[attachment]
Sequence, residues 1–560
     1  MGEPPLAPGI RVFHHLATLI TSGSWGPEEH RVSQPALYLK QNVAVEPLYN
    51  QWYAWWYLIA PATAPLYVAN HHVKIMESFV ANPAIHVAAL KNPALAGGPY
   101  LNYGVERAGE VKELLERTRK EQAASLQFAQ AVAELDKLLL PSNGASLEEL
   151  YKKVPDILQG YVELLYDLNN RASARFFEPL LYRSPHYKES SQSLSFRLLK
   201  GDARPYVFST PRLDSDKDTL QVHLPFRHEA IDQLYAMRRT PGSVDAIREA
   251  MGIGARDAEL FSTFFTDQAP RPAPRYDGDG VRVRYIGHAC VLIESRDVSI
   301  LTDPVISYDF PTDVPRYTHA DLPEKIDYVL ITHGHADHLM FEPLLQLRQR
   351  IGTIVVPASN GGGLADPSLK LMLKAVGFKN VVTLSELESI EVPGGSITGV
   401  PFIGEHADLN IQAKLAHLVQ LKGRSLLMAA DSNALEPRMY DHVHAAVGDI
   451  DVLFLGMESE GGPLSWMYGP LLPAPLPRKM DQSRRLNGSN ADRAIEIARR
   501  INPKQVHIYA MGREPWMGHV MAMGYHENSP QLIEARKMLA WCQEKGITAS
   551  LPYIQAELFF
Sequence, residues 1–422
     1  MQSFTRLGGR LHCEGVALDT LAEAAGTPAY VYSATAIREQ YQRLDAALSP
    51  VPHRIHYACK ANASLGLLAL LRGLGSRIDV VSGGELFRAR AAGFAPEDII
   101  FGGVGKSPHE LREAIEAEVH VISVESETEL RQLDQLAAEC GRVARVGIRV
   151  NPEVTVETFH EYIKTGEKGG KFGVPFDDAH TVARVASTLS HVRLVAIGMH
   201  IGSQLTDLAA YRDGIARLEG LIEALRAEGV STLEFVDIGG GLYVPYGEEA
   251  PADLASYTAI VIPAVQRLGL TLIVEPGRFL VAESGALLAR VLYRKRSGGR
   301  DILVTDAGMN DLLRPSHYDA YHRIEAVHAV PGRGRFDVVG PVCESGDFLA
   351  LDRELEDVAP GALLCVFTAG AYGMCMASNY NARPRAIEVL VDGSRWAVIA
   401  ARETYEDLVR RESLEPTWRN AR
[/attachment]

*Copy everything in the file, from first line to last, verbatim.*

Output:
Sequence, residues 1–560
     1  MGEPPLAPGI RVFHHLATLI TSGSWGPEEH RVSQPALYLK QNVAVEPLYN
    51  QWYAWWYLIA PATAPLYVAN HHVKIMESFV ANPAIHVAAL KNPALAGGPY
   101  LNYGVERAGE VKELLERTRK EQAASLQFAQ AVAELDKLLL PSNGASLEEL
   151  YKKVPDILQG YVELLYDLNN RASARFFEPL LYRSPHYKES SQSLSFRLLK
   201  GDARPYVFST PRLDSDKDTL QVHLPFRHEA IDQLYAMRRT PGSVDAIREA
   251  MGIGARDAEL FSTFFTDQAP RPAPRYDGDG VRVRYIGHAC VLIESRDVSI
   301  LTDPVISYDF PTDVPRYTHA DLPEKIDYVL ITHGHADHLM FEPLLQLRQR
   351  IGTIVVPASN GGGLADPSLK LMLKAVGFKN VVTLSELESI EVPGGSITGV
   401  PFIGEHADLN IQAKLAHLVQ LKGRSLLMAA DSNALEPRMY DHVHAAVGDI
   451  DVLFLGMESE GGPLSWMYGP LLPAPLPRKM DQSRRLNGSN ADRAIEIARR
   501  INPKQVHIYA MGREPWMGHV MAMGYHENSP QLIEARKMLA WCQEKGITAS
   551  LPYIQAELFF
Sequence, residues 1–422
     1  MQSFTRLGGR LHCEGVALDT LAEAAGTPAY VYSATAIREQ YQRLDAALSP
    51  VPHRIHYACK ANASLGLLAL LRGLGSRIDV VSGGELFRAR AAGFAPEDII
   101  FGGVGKSPHE LREAIEAEVH VISVESETEL RQLDQLAAEC GRVARVGIRV
   151  NPEVTVETFH EYIKTGEKGG KFGVPFDDAH TVARVASTLS HVRLVAIGMH
   201  IGSQLTDLAA YRDGIARLEG LIEALRAEGV STLEFVDIGG GLYVPYGEEA
   251  PADLASYTAI VIPAVQRLGL TLIVEPGRFL VAESGALLAR VLYRKRSGGR
   301  DILVTDAGMN DLLRPSHYDA YHRIEAVHAV PGRGRFDVVG PVCESGDFLA
   351  LDRELEDVAP GALLCVFTAG AYGMCMASNY NARPRAIEVL VDGSRWAVIA
   401  ARETYEDLVR RESLEPTWRN AR